After lengthy review, the officials ruled no goal. Speculation was that the net was ruled to have been dislodged a millisecond before the puck crossed the line, but that wasn’t the call. The call was that when the puck hit Slater, he turned into it, and the officials ruled that he directed the puck in with his contortion. You have to love Andy Murray, the former NHL coach who resides in Minnesota, sent his sons to play at North Dakota and Wisconsin, and his daughter to play at UMD, and who has led the Broncos to prominence in his first year at Big Rapids, Mich.
“I haven’t seen the replay yet,” said Murray, whose team forced its way into the NCAA tournament as the fifth CCHA entry by winning the CCHA playoff. “The ref wanted to give me an explanation, but I waved him away. What are you going to do? And college refs talk to coaches way too much. Besides, I thought we played better after the disallowed goal.”
Nelson’s empty-net goal settled it at 3-1, and North Dakota won it its first game since discarding its Fighting Sioux jerseys with the very classy rendition of a Sioux warrior’s head on the crest. The NCAA had ruled that any use of the Fighting Sioux nickname or logo would result in a forfeit of any NCAA game they won. So they wore new jerseys with North Dakota printed on the front.
Minnesota cleared a serious hurdle by beating Boston University 7-3, but the score was misleading after two empty-net goals padded a tight 5-3 game. The biggest goal for the Gophers was scored by senior Nico Sacchetti. Having never played a regular role on the top three lines, Sacchetti didn’t even dress for 19 of Minnesota first 26 games this season. Centering the fourth line, he got precious few shifts, but in the third period, after BU had trimmed Minnesota’s lead to 4-3, visions of blown leads might have been drifting through some fans -- and players -- consciousness. Sacchetti didn’t hesitate, charging up the right boards and veering to the net for a neat goal that halted BU’s momentum and set the stage for the two empty-netters.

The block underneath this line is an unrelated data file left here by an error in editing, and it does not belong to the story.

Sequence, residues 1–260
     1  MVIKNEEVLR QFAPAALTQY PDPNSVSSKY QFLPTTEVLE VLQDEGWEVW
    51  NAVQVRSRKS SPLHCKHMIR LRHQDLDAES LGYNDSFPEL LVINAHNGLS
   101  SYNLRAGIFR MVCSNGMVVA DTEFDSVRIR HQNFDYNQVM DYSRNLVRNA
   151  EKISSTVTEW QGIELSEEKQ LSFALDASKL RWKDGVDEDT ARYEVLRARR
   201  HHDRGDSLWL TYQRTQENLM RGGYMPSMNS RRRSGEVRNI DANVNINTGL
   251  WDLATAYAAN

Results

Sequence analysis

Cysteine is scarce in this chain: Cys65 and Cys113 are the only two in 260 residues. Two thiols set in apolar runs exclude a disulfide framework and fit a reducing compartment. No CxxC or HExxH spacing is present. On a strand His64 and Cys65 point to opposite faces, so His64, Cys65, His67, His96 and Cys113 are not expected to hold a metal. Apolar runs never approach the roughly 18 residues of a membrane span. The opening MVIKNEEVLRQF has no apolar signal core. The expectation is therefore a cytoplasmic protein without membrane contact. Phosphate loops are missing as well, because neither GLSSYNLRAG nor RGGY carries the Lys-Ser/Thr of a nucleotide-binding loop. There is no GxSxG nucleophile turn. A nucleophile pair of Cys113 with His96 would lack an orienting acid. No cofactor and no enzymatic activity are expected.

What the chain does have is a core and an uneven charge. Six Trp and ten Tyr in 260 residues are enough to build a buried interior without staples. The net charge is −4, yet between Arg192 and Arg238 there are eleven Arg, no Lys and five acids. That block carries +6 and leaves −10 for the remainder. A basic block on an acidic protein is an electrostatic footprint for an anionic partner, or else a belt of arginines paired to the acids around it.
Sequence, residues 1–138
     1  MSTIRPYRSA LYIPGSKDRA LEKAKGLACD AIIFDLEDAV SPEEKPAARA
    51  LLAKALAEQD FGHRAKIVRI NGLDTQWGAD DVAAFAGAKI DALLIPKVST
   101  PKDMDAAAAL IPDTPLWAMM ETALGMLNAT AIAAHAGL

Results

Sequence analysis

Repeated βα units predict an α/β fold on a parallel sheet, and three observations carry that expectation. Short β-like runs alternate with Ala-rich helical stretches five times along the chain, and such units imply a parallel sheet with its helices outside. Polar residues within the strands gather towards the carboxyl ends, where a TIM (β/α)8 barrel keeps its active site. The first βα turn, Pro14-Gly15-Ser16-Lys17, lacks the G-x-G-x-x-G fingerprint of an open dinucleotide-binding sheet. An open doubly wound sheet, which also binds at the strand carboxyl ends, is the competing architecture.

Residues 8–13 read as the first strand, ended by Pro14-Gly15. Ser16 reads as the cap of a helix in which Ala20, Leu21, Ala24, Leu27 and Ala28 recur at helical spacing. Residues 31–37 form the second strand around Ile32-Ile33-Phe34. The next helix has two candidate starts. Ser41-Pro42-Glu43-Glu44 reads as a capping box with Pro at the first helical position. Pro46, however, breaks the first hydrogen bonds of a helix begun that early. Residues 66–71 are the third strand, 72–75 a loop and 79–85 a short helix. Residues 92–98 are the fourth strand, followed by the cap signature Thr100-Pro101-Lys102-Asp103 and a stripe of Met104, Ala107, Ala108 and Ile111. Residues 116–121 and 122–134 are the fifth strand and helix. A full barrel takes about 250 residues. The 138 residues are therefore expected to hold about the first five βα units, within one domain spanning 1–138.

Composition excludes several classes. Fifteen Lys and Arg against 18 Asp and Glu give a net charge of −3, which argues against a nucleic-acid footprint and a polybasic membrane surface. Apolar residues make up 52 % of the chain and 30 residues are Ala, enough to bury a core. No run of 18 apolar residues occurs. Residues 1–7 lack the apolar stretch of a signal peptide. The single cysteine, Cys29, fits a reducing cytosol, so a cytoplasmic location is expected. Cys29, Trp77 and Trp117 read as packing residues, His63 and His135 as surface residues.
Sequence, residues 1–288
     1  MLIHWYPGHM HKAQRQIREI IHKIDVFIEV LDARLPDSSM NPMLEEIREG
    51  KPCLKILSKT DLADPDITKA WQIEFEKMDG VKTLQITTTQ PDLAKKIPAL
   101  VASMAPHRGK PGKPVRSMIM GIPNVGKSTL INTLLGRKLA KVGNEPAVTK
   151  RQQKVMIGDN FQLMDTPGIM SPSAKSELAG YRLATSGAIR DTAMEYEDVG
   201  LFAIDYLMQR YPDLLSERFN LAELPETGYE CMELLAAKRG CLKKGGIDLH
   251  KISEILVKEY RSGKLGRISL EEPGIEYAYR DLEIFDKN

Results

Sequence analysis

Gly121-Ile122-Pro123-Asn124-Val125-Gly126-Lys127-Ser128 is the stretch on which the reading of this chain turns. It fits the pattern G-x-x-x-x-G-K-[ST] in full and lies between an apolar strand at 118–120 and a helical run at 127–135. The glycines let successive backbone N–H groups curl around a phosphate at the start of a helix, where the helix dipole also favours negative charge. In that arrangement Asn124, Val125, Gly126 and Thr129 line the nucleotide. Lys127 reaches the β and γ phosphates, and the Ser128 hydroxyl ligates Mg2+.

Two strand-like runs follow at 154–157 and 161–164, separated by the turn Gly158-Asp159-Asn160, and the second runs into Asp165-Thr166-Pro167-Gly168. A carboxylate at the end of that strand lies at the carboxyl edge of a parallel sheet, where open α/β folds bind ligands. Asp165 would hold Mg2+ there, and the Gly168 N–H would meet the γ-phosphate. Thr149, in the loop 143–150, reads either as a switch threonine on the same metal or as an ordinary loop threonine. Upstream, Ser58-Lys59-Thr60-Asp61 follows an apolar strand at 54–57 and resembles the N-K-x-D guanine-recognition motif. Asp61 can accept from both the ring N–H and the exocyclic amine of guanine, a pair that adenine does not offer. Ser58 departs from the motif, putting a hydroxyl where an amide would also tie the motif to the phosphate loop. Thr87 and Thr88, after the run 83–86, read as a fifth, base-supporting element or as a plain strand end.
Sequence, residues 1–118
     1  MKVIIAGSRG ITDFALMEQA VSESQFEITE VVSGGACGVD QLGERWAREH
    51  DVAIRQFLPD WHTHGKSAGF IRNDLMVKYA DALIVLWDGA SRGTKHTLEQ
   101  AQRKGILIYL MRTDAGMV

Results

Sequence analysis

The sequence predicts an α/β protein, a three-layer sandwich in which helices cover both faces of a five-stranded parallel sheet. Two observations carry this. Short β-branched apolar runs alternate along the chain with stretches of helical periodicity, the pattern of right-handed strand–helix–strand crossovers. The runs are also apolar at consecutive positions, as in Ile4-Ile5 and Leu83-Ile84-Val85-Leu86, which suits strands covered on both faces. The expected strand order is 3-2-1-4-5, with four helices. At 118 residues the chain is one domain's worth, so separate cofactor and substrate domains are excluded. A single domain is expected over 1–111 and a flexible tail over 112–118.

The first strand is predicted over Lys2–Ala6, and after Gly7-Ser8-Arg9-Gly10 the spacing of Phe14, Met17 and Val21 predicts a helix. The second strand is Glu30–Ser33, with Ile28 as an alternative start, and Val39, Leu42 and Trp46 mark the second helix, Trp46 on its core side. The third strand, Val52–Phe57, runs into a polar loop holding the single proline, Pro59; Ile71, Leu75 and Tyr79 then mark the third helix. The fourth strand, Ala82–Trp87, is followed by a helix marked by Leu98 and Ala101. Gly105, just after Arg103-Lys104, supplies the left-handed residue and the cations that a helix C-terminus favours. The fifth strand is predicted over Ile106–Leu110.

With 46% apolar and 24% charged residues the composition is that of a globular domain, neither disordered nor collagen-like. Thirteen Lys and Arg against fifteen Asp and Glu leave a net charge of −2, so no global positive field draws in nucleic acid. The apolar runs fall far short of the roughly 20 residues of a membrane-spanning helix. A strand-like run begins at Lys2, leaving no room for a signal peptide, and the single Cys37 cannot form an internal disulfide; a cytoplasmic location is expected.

The final was strangely anticlimactic, as Minnesota got the jump on North Dakota with a goal in the first period, and another at 0:20 of the second, on a power play. Danny Kristo got one right back, at 1:43 of the second, for North Dakota, and it was 2-1. At that point, a just-created third Gopher line took over. Taylor Matson, who had just been moved out of center to right wing, scored on Nate Schmidt’s rebound, then Travis Boyd, a freshman installed at center on the third line, got his stick on a Nate Condon shot and deflected it in for his first college goal. Boyd also chipped a pass to center ice in the third period and Nate Condon, the left wing on the line, raced after it and scored on the breakaway with four minutes remaining, making it 5-1.
There wasn’t enough time left for a rally, but the team previously known as Fighting Sioux did it anyway. Mario Lamoureux blasted a shot in at 16:07, just 14 seconds after Condon’s goal, and the Sioux fought to the finish. Coach Dave Hakstol pulled his goaltender with just under three minutes remaining, but UND couldn’t connect again.
“We didn’t pull the goaltender to make it close,” said Hakstol. “There was a faceoff with 14 seconds left, where I thought there was not a real good chance for us to come back. But our mentality didn’t changed, down to the final faceoff.”
Minnesota coach Don Lucia, ridiculed on Twin Cities talk radio shows all week for failing to take a timeout when North Dakota scored its six consecutive goals in the Final Five title game, did pull his goalie this time, and smiled when asked if that proved he was a great coach. But Lucia’s emotions showed during the post-game press conference.
“This is really enjoyable,” said Lucia. “I’ve experienced it before, and it’s always enjoyable. But to see the joy on those faces in our locker room -- that’s what makes it special.”